These Intricately Textured Artworks From Woven Images Buzz With Many Colours & Dimensions

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Some of the greatest things we’ve ever laid our eyes on are the things that take some very long hours as the inventor or designer painstakingly sits to perfect their work. This artist named Lala Abaddon falls beneath this category of patient creators as she hand weaved paper for hours to create optically intricate artworks that may appear to be some sort of digital manipulation.

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While some other artist will call a painting complete once they are finished with including all the elements of the picture by painting, Abaddon uses her complete painting or large-scaled photographs and meticulously slices the paper into strips. Combining fine art and her craft, pieces done by the Brooklyn-based artist will appear to be pixilated manipulations, but are in fact the results of hardworking hands and an impeccable understanding of spatial relations.

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Thanks to the optical trickery caused by the vibrating edge of contrasting colors, Abaddon’s paper works buzz with movement although they are flat. The rarefied pieces begin simply as paintings, paper and 35mm photographs. Abaddon having the innate capability of fusing imagery together to make an entirely new, cohesive piece, then uses each image itself as a medium.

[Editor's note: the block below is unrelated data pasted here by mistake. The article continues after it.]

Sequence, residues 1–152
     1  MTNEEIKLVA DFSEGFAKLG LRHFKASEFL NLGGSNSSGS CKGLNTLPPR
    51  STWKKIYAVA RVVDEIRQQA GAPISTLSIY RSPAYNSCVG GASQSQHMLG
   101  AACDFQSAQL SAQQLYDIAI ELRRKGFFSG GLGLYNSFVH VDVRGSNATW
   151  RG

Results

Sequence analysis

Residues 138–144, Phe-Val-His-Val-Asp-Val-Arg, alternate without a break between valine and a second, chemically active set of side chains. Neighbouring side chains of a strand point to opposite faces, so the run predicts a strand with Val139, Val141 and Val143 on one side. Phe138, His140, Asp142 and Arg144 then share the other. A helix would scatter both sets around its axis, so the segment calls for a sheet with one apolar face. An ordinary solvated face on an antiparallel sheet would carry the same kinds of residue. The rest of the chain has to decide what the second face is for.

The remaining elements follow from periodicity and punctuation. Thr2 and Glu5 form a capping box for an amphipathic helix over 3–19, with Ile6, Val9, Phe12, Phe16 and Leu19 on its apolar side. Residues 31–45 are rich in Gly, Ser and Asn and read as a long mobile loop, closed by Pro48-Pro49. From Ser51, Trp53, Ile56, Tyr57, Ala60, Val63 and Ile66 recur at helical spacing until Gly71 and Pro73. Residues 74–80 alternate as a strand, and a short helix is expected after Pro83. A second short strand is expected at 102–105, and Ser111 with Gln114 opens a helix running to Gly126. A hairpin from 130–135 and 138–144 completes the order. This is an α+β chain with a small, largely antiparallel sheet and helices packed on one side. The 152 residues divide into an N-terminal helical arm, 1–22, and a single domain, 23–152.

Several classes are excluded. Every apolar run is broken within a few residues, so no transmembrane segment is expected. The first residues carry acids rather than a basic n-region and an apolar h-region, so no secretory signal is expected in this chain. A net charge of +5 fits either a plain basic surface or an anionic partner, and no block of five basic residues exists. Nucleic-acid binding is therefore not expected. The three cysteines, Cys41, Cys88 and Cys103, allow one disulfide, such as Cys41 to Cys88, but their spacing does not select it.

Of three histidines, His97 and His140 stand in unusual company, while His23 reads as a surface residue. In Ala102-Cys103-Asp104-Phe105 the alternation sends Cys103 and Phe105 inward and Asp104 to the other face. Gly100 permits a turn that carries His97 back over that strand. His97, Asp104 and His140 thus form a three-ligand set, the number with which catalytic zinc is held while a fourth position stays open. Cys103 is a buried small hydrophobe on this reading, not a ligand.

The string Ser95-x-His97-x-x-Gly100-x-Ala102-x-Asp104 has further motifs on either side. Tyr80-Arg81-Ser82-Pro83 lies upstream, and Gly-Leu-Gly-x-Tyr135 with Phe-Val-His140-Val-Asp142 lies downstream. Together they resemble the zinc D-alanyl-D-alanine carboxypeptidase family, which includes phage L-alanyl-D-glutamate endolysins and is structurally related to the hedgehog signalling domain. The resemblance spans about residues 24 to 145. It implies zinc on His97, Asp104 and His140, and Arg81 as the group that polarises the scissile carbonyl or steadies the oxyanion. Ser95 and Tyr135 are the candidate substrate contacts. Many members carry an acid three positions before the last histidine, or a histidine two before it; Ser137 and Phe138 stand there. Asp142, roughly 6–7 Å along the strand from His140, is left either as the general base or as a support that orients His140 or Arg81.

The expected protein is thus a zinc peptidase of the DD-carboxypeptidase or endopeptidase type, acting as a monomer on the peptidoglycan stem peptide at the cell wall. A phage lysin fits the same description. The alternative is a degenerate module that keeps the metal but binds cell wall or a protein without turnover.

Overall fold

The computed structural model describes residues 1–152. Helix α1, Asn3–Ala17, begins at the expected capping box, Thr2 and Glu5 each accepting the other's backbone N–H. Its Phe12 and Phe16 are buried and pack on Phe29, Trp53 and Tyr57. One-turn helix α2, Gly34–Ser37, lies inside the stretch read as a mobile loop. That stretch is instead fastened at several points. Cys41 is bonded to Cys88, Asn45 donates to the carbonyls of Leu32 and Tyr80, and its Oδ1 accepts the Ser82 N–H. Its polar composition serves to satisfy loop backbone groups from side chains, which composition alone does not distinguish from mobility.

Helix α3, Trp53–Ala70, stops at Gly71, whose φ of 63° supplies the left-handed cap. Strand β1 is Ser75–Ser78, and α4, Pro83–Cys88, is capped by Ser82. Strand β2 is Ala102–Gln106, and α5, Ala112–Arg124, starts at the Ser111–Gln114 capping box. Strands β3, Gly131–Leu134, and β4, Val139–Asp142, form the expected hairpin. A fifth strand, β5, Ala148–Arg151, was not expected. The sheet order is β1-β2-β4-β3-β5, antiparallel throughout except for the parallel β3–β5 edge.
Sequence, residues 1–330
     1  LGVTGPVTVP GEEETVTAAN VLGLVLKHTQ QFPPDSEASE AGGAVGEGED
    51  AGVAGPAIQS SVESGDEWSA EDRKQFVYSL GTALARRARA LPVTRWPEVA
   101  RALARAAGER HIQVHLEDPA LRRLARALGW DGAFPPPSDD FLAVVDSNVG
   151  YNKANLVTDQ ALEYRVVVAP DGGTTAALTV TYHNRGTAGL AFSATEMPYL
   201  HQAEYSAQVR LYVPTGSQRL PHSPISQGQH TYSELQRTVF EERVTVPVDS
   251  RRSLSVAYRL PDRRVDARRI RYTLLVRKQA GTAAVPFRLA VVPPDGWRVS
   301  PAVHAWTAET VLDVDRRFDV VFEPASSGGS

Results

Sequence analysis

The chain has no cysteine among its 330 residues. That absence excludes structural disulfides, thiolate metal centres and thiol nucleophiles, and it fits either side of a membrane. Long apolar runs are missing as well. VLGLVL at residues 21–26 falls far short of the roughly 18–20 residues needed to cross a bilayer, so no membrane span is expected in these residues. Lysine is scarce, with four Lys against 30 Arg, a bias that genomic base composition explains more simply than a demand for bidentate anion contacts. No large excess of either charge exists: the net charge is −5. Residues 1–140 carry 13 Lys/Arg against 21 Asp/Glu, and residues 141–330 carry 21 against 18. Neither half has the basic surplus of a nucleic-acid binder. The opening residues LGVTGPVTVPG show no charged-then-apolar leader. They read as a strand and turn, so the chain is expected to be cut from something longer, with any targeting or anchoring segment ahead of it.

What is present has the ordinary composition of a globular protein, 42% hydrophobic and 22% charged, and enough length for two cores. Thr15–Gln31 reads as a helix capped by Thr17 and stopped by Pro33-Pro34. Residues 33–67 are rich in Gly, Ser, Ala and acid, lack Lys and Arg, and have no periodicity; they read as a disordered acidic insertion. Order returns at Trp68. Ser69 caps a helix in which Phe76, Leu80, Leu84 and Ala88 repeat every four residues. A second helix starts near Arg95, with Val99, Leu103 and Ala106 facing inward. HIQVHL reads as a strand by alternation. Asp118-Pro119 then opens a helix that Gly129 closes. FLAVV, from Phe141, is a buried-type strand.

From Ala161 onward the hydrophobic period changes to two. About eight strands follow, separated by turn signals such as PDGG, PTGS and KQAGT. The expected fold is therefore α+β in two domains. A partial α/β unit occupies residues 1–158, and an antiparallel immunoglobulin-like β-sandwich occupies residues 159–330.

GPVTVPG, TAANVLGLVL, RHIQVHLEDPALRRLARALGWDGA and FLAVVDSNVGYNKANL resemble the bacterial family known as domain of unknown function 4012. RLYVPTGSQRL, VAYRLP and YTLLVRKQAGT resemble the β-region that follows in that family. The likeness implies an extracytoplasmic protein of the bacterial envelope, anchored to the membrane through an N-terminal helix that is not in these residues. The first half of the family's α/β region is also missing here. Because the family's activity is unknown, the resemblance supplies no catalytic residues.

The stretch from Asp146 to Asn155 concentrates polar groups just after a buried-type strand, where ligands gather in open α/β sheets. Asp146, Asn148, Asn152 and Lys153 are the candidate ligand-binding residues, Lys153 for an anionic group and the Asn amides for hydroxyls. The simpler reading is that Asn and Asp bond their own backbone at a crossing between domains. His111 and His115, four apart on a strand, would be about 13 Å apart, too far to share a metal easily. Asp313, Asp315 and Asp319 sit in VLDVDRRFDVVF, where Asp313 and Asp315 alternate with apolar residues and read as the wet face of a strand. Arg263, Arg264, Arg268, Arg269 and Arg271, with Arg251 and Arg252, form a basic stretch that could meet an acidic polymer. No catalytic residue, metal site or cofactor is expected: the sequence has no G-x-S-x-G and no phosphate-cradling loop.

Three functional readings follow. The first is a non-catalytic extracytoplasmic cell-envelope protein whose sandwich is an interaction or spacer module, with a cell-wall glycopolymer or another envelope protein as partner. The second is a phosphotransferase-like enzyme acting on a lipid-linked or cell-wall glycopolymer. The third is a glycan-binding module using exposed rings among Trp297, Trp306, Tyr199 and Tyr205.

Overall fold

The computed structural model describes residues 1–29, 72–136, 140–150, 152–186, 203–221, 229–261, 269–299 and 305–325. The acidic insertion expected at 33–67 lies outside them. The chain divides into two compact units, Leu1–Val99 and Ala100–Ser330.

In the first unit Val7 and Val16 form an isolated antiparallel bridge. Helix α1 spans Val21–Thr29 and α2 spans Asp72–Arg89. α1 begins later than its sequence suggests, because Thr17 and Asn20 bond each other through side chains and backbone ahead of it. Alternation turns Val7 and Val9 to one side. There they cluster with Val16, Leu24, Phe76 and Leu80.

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Prior to the weaving process, the artist slices the source photos into tiny equally spaced strips, using traditional weaving techniques. As tape holds the pieces together, Abaddon works her way with the strips of papers weaving them together and ensuring that they are tight enough to hold as she goes along. She weaves detailed and varying patterns into each piece with precision, all the while keeping perfect spatial arrangement as if in a textile.

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The resulting image though flat creates incredible dimensions with colorful prints. To allow viewers to see evidence of her handiwork, the pieces are then framed with edges showing. Her new collection of pieces, called Fractal Realities, will be showcased at the Cator Gallery in New York from February 26 – March 29, 2015.

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Check out Lala Abaddon’s website here.

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